This is one of the more nonsense applications of the concept of food miles – for example, it turns out that 5,961 of these ecologically destructive miles were accounted for by the yeast that would be used to make the bread…! Presumably a single freight container of yeast shipped by sea would keep the UK in bread for months and have minimal environmental impact. This is a bit of a weakness in the food miles concept, isn’t it…? Especially when applied to specific products that may have only tiny quantities of ingredients shipped many miles. Many of the international food miles are done in bulk by container ships that have very low economic and environmental costs per kilogram-kilometre of freight movement.

What’s the real story…? Continue reading “Food miles… wrong idea, stop using it!”

Renewable energy targets – why is the European Union involved?

The European Union has been busy setting out ambitious ideas for energy and climate policy – see Energy for a Changing World, and the climate change and energy announcements made in January. But is it trying to do too much of the wrong thing in trying to determine member states’ approach to renewables? I think so…

There are three main problems… Continue reading “Renewable energy targets – why is the European Union involved?”

No 10 road pricing petition – beware what you wish for…

A new system for citizens’ petitions on the Prime Minister’s web site has attracted well over 1 million signatures for a motion to: “Scrap the planned vehicle tracking and road pricing policy“. Extensive news coverage [BBC] and ministerial response [BBC] have followed. Despite a recent speech on Winning the debate on road pricing, Transport Secretary Douglas Alexander looks as though he may in danger of losing it.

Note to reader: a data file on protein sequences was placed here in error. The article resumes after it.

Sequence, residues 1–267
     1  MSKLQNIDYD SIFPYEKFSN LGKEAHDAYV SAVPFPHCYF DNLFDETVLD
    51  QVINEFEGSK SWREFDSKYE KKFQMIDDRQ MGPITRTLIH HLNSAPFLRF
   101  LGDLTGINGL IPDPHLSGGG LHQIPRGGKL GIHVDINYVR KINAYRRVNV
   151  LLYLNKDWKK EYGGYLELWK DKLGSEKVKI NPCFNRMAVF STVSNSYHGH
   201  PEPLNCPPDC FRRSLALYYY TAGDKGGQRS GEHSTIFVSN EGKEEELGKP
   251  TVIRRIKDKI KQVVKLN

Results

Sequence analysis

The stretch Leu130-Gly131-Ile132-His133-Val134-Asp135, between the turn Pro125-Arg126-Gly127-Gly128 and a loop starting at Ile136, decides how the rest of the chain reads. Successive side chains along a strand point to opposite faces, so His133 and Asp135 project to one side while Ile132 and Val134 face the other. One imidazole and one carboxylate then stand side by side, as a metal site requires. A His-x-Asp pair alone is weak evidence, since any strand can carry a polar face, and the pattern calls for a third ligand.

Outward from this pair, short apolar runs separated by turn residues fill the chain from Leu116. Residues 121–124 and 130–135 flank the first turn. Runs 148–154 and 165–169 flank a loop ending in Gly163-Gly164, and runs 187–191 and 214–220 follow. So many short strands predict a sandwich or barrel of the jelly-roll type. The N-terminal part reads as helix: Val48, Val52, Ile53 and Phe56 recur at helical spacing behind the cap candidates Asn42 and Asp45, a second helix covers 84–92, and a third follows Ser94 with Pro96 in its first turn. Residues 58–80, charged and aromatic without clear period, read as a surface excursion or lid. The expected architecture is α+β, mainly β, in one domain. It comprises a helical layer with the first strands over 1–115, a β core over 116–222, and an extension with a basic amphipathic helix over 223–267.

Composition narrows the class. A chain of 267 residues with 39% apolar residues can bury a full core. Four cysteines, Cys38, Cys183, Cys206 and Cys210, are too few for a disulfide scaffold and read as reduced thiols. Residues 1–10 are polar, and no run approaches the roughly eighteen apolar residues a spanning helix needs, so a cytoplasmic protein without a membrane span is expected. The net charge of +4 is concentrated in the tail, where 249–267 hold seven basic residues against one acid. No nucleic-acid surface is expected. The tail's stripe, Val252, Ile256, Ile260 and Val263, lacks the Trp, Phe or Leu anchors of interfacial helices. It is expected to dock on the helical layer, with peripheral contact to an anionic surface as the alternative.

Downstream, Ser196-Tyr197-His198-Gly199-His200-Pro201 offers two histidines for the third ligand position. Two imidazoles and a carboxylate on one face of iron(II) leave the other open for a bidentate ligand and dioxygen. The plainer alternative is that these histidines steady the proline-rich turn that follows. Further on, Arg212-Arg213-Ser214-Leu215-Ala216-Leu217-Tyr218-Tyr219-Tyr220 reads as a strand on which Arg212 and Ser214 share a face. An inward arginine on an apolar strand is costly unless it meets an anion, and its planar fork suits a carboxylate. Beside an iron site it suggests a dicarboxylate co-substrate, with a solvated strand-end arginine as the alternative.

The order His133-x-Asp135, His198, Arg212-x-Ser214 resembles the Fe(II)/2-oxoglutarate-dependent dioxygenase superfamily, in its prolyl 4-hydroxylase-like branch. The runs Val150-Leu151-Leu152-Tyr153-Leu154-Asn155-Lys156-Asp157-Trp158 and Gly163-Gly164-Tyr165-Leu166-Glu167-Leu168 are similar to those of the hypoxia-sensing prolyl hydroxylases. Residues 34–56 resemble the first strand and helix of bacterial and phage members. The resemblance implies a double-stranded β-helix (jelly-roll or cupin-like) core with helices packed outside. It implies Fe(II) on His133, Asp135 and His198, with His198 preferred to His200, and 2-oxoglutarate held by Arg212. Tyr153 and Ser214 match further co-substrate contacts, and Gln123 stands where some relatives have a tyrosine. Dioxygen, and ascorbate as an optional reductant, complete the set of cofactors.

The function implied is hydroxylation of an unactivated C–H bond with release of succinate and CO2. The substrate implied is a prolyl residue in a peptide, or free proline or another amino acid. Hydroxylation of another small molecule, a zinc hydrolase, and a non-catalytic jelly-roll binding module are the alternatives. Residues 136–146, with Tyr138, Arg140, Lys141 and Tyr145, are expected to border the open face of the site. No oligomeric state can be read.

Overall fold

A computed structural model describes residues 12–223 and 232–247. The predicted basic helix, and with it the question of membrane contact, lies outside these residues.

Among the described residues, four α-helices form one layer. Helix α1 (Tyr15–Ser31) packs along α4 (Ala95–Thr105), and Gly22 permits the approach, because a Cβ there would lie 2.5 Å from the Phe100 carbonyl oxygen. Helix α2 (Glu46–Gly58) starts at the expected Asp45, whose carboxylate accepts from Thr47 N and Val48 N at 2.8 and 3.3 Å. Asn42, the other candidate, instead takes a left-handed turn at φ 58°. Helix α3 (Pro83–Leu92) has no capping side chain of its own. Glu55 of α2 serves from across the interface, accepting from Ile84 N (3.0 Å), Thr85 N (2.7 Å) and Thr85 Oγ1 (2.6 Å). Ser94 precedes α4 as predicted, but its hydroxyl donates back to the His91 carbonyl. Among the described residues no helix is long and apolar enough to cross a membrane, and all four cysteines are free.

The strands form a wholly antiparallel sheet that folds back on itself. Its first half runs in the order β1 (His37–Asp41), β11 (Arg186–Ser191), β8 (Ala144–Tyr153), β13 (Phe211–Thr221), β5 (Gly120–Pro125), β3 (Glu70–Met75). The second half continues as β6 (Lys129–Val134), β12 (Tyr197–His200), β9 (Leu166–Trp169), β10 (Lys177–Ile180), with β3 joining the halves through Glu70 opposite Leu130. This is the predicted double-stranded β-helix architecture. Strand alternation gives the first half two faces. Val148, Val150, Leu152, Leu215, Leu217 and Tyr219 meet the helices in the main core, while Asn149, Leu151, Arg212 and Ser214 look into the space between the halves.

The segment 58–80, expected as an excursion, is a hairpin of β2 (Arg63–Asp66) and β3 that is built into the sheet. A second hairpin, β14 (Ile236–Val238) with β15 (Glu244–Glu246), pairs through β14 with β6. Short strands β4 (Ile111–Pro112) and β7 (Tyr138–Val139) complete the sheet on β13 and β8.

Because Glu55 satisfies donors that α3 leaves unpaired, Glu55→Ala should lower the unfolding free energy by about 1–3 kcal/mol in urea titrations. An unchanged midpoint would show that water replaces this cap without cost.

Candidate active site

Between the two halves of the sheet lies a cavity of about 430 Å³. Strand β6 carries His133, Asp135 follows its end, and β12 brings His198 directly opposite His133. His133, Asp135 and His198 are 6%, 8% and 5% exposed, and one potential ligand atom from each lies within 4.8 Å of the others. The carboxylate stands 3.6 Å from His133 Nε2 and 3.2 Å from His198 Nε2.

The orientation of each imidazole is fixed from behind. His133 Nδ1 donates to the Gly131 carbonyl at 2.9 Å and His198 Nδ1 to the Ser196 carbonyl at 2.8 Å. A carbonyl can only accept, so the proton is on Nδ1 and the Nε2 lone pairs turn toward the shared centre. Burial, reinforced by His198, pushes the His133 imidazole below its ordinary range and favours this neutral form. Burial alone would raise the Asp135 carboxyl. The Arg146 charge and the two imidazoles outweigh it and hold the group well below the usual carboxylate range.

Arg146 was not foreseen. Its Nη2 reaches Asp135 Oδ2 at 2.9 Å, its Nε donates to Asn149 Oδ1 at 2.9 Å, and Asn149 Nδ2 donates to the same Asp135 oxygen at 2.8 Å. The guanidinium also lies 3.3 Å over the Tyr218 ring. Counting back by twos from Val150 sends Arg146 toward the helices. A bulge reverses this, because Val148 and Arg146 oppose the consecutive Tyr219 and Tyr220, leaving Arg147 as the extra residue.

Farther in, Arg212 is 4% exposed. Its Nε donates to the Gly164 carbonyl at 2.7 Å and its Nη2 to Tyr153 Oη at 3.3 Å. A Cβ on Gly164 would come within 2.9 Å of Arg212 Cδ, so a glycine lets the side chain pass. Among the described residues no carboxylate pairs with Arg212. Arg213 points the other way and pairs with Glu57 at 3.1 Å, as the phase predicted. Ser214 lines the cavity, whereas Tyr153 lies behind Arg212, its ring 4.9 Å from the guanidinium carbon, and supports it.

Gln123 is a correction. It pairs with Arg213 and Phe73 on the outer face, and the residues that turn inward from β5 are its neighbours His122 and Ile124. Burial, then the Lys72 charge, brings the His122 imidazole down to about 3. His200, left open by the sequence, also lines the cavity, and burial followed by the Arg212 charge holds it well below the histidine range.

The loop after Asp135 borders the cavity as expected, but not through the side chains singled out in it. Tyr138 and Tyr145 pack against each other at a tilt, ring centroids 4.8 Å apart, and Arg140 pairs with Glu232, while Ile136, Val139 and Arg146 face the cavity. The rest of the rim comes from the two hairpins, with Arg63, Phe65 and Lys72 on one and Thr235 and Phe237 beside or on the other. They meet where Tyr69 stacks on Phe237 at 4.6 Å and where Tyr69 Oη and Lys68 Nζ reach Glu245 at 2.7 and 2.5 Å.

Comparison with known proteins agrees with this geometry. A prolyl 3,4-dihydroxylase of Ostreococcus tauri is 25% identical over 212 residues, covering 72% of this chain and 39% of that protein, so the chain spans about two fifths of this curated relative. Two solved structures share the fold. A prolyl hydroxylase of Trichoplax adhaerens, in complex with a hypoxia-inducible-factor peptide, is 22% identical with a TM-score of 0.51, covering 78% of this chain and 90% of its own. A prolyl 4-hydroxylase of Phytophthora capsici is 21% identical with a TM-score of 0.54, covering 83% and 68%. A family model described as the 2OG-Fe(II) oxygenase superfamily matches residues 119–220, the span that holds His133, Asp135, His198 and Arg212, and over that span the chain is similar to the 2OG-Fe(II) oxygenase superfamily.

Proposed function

The idea of the petition is great in some ways, but flawed in others: Continue reading “No 10 road pricing petition – beware what you wish for…”

Climate change – what the IPCC tells us (and doesn’t)

In many ways the IPCC 4th Assessment Report (known by aficionados as ‘AR4’) from the physical science working group confirms much we had already taken to be established beyond reasonable doubt (see summary). A huge impulse (greenhouse gas increases) is being applied to a complex physical system (atmosphere, oceans and carbon cycle) and modellers are struggling through the task of working out how it will respond… (see charts to the left). To paraphrase Donald Rumsfeld’s famous saying, the exercise involves narrowing quantitative uncertainties in the known-knowns, giving qualitative warnings about the known-unknowns and admitting we should still be worried the unknown-unknowns. And worth remembering, Rumsfeld also concluded, albeit in a different context: “it is the latter category that tend to be the difficult ones.” It is fashionable amongst environmentalists to see the IPCC as above reproach, but it is in this area that the IPCC is weak and does the world a serious disservice Continue reading “Climate change – what the IPCC tells us (and doesn’t)”

Blowing your money on a wind turbine

I’ve already blogged on the completely dreadful economics of solar power… now it’s time to have a look at micro wind power, of the type favoured by David Cameron (see Guardian article)

First the basics… underpinning the physics of wind power is a ‘cubic law’ – the power output of a wind turbine is approximately proportional to the cube of wind speed. So double the wind speed and the power goes up by eight times (2x2x2) – halve it, and it falls to one eighth, roughly.

So the value for money of a domestic wind turbine and its cost of reducing carbon depends very sensitively on the average wind speed at the site. And this, it turns out is why domestic wind turbines a sucha rotten green-buy… Continue reading “Blowing your money on a wind turbine”